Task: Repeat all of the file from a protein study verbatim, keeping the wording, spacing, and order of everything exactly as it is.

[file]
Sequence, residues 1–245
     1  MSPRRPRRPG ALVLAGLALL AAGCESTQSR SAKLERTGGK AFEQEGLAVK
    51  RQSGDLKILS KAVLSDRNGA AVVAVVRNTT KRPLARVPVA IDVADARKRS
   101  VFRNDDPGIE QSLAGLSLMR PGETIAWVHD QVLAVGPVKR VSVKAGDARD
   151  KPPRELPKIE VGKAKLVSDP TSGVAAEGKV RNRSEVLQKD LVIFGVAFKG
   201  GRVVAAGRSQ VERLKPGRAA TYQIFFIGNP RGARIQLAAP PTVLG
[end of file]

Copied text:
Sequence, residues 1–245
     1  MSPRRPRRPG ALVLAGLALL AAGCESTQSR SAKLERTGGK AFEQEGLAVK
    51  RQSGDLKILS KAVLSDRNGA AVVAVVRNTT KRPLARVPVA IDVADARKRS
   101  VFRNDDPGIE QSLAGLSLMR PGETIAWVHD QVLAVGPVKR VSVKAGDARD
   151  KPPRELPKIE VGKAKLVSDP TSGVAAEGKV RNRSEVLQKD LVIFGVAFKG
   201  GRVVAAGRSQ VERLKPGRAA TYQIFFIGNP RGARIQLAAP PTVLG